Regular Wii Fit workouts proved as effective as a robust walking routine in reducing the risk for falling in older people with mild Alzheimer disease (AD), says a Medscape Medical News article based on a study published online June 13 in Journal of Aging Research.
Researchers at the University of Arkansas for Medical Sciences assessed fall risk with 3 tests of balance and gait in 22 elderly people enrolled in 1 of 2 exercise interventions. Eleven participants were assigned to a supervised walking program, and 11 used the Wii Fit yoga, strength-training, and balance games. Each group exercised 5 times weekly for 30 minutes over 8 weeks.
The participants were tested with the Berg Balance Scale (BBS), the Tinetti Test (TT), and Timed Up and Go (TUG) test before they began exercising, at the 4-week point, and after 8 weeks. Research participants lived in an assisted-living facility.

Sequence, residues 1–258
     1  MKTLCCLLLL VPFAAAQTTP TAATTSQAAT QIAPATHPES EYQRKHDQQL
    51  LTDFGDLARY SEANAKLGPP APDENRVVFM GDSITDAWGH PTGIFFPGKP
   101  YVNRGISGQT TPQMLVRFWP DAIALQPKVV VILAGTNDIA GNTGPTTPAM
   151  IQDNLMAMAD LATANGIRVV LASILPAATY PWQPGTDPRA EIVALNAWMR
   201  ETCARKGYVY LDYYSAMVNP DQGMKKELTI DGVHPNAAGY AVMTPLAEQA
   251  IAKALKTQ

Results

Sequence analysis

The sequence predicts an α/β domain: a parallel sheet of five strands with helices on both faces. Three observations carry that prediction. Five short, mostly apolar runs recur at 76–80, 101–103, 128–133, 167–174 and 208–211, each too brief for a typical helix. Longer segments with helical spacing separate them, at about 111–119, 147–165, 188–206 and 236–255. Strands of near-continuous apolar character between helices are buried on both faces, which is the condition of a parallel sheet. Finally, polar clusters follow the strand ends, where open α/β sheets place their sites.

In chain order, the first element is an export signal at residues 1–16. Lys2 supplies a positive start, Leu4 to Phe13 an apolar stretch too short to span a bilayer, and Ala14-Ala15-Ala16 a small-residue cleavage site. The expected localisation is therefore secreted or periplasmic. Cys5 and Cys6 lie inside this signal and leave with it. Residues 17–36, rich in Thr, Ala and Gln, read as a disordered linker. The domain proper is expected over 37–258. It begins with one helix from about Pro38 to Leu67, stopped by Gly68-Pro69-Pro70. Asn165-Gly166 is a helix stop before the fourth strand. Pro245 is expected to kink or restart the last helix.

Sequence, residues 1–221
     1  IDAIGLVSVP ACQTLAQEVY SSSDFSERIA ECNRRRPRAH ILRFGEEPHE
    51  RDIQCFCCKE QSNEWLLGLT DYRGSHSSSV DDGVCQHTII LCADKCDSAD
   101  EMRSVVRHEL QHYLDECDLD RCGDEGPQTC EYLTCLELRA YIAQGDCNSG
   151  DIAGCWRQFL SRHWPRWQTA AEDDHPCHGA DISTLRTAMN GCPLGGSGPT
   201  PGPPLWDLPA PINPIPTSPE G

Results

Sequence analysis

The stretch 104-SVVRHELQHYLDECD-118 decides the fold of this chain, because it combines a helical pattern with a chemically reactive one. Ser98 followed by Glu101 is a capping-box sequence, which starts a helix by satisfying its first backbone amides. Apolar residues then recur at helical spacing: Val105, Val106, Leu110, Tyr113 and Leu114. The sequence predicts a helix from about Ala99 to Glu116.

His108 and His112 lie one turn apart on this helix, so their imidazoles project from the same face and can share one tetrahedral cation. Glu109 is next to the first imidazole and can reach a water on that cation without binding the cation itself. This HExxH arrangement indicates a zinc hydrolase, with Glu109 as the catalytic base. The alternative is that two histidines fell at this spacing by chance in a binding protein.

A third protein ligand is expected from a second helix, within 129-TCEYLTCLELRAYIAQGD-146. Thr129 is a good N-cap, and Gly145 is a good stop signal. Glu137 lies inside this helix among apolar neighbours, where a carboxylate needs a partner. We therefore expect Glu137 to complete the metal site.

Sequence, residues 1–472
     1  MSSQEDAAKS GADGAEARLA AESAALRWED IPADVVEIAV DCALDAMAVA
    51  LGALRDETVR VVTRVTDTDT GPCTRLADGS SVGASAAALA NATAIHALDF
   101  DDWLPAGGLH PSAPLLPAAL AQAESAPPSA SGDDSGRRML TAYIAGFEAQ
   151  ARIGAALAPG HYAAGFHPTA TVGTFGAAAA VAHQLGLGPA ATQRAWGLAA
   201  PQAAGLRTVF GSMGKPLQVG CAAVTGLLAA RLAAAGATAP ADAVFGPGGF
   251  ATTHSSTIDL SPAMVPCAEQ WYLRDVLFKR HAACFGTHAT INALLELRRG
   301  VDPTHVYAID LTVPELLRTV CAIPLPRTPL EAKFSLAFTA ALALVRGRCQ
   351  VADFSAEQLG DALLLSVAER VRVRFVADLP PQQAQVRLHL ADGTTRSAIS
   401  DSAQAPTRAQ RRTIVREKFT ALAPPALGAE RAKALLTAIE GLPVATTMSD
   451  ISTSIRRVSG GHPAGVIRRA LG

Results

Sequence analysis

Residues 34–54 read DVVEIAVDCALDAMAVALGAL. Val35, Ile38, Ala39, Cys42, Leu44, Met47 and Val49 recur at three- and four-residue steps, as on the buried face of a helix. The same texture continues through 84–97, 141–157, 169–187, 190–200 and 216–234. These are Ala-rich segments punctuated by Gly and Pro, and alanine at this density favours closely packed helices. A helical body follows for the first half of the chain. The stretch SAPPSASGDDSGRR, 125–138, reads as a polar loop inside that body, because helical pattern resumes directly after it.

Both groups showed improvements on all 3 tests, with no statistically significant difference between the groups. Both groups began with a BBS score of less than 45, indicating a high risk for falls, and significantly improved those scores over time. But group-by-time interactions failed to reach significance for any measure.
In an intragroup analysis, at 8 weeks the Wii Fit group showed statistically significant improvements in BBS and TT scores. Wii Fit TUG scores did not reach significance.
In the walking group, an intragroup analysis showed a significant improvement in TT scores. However, although BBS and TUG scores trended toward improvement, they failed to reach statistical significance.
Robert P. Friedland, MD, chair and professor of neurology at the University of Louisville, Kentucky, who was not involved in the research, calls the study a "relatively limited observation." He added that the mean age of the participants—79.3 years for the Wii Fit group and 81.6 years for the walking group—rather than the disease probably led to their balance issues.